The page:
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Regeneration V: The Outcast Dead

Walking past a seemingly unremarkable street, bordered on one side by a concreted and overgrown vacant plot, I noticed a small group of people looking intently at something within. My curiosity piqued, I decided to investigate.

It turns out this abandoned bit of land was an unconsecrated graveyard called the ‘Cross Bones Graveyard‘, used during medieval times for the burial of ‘Winchester Geese’ – prostitutes. The iron gate has been turned into a memorial shrine by local residents and is decorated with a profusion of ribbon, plastic flowers, cards, notes and other paraphernalia. To one side, I found these figurines. They were, to me, the most poignant memorial to the buried souls: anonymous, ghostly figures providing a brief and tenuous connection to the harsh world they inhabited.

On the gate is a commemorative plaque, the words of which I’ve transcribed below. I’ve also included, at the foot of the post, an image that gives a better sense of the context of the site (click it to view larger). And, there is even a website dedicated to the graveyard.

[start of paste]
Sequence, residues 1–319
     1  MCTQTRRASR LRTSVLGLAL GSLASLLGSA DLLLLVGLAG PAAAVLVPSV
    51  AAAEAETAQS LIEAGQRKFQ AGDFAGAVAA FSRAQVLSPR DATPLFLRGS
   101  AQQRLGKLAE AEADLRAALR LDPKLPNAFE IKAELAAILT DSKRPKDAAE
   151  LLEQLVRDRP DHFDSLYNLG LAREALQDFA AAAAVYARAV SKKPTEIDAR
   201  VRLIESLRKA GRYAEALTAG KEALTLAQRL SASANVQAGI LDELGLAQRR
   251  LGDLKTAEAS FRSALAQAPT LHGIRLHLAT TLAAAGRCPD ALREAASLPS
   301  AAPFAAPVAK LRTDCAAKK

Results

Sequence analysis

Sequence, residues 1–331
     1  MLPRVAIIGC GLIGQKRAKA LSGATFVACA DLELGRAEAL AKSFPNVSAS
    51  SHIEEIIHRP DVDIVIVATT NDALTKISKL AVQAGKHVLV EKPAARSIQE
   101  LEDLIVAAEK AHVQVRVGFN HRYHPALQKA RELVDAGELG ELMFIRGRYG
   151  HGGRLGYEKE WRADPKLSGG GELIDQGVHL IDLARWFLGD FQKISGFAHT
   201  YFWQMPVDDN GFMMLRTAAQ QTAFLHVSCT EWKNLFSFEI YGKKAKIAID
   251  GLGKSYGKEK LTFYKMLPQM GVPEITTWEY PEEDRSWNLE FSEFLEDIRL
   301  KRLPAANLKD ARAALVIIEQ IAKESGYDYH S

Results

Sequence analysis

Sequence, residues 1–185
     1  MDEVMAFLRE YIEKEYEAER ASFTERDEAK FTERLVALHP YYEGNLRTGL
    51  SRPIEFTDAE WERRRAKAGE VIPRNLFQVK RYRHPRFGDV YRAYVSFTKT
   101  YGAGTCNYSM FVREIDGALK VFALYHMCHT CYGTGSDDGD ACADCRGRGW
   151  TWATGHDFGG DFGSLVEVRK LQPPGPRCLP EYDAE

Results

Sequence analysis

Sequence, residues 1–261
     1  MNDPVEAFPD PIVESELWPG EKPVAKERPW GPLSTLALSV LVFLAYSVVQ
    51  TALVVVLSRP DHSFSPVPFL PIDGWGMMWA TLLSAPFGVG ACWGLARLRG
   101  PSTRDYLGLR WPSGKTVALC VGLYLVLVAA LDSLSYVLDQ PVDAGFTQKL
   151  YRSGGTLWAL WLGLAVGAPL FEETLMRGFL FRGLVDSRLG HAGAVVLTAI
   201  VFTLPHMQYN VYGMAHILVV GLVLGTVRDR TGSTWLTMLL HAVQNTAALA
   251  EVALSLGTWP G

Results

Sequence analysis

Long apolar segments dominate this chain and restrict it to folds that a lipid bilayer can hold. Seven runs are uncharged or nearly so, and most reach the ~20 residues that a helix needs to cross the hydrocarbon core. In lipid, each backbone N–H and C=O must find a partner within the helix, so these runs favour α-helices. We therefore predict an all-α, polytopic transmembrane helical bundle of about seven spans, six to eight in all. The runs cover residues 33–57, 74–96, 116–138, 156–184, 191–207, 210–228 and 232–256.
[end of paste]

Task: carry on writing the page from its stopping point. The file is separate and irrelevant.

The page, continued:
Cross Bones Graveyard
In medieval times this was an unconsecrated graveyard for the prostitues or ‘Winchester Geese’. By the 18th century, it had become a paupers’ burial ground, which closed in 1853. Here, local people have created a memorial shrine.
The Outcast Dead R.I.P

Cross Bones Graveyard

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5 Comments

  1. Adrian Park says:

    I also thought that at first but, in reality, they seem a bit big to be teeth. That said, I also know molars – which they would be if they are teeth – can be deceptively large.

    I think the teeth theory is plausible and, if so, it appears someone has carved the tops to resemble heads.

  2. Doug Hickok says:

    They remind me of mummies, perhaps in this case mummified memorials to the lost souls of the forgotten. What a cool and unique shot and story line Adrian! Visually speaking, I love the fascinating details and textures… there is something captivating about this image that makes me continue to look at it :^)

  3. george says:

    An astonishing image, and an even more astonishing story, that really brings home the inequalities of life and death. Thanks too Adrian for the additional link.

  4. Cristian says:

    Quintessence of sadness. Bravo!

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